“In our series, 45 percent of the revision failures were due to frontal plane instability,” emphasizes Dr. Collman. “This is a difficult problem.”
Dr. Collman says surgeons should build up the prosthesis from the talus to or down from the tibia to correct for bone loss and reestablish the joint axis. While he notes this is not proven, Dr. Collman says this concept makes sense intuitively. He also points out that the selection of thicker polyethylene helps balance the ankle and potentially improves device longevity.
“Patients are (also) educated about limiting excessive pedal load, uneven ground and other activities that may place significant stress on the prosthesis and the surrounding bone,” adds Dr. Collman.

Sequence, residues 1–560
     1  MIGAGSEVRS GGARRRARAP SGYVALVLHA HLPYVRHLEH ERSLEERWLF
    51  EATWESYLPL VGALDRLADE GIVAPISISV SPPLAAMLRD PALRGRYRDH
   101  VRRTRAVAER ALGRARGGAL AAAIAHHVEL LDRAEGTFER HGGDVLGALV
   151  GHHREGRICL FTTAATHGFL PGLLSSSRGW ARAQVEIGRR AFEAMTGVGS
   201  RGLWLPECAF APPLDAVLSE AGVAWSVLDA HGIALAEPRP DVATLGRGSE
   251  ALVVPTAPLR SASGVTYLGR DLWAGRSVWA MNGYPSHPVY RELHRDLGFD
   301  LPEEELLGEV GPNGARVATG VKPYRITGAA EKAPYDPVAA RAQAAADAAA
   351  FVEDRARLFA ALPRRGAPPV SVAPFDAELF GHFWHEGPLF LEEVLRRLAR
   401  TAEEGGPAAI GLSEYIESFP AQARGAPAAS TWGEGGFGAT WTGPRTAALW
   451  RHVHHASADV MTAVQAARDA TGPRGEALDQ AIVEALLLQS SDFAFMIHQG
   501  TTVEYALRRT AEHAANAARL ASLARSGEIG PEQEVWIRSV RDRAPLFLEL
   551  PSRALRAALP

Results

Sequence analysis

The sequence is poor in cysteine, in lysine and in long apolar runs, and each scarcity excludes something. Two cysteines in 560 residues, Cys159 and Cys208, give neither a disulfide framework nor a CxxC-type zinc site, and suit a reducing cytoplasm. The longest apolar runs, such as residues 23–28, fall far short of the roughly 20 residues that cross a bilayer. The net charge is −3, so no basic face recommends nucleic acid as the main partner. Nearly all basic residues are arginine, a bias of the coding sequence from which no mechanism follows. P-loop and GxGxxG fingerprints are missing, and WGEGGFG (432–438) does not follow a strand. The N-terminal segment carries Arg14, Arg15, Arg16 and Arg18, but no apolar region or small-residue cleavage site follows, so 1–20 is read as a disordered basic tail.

What A New Study Reveals About Biplanar Plating For First Ray Arthrodesis Procedures
By Jeff A. Hall, Executive Editor
Assessing the use of biplanar plating without compression for first ray arthrodesis, the authors of a new study noted a 97 percent success rate for bone healing in 195 first ray arthrodesis procedures at an average 9.5-month follow-up.
According to the study, which is in press with the Journal of Foot and Ankle Surgery, the authors reviewed results from 85 first MPJ arthrodesis procedures and 110 first tarsometatarsal arthrodesis procedures. At the final radiographic follow-up, the authors reported that 98.2 percent of the first MPJ arthrodesis cases and 96.8 percent of the first tarsometatarsal fusion cases demonstrated stable bone segments, osseous bone filling and intact hardware without loosening.